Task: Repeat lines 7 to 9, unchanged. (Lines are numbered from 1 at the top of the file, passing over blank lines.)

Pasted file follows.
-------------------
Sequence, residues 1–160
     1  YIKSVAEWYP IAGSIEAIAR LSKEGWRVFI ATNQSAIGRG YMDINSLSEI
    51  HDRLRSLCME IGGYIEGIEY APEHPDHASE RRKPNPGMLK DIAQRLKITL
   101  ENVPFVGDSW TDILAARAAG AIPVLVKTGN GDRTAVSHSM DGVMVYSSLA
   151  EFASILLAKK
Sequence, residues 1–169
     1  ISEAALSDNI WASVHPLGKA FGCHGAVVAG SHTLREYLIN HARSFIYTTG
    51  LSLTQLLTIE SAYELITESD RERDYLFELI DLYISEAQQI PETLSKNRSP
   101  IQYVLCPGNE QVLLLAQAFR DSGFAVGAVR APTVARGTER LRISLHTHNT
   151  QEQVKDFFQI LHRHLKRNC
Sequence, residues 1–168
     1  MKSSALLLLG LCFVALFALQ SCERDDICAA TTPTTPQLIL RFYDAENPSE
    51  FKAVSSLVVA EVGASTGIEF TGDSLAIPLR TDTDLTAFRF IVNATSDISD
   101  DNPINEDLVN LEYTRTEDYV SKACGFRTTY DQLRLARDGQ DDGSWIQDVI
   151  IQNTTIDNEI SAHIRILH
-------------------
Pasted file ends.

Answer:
     1  ISEAALSDNI WASVHPLGKA FGCHGAVVAG SHTLREYLIN HARSFIYTTG
    51  LSLTQLLTIE SAYELITESD RERDYLFELI DLYISEAQQI PETLSKNRSP
   101  IQYVLCPGNE QVLLLAQAFR DSGFAVGAVR APTVARGTER LRISLHTHNT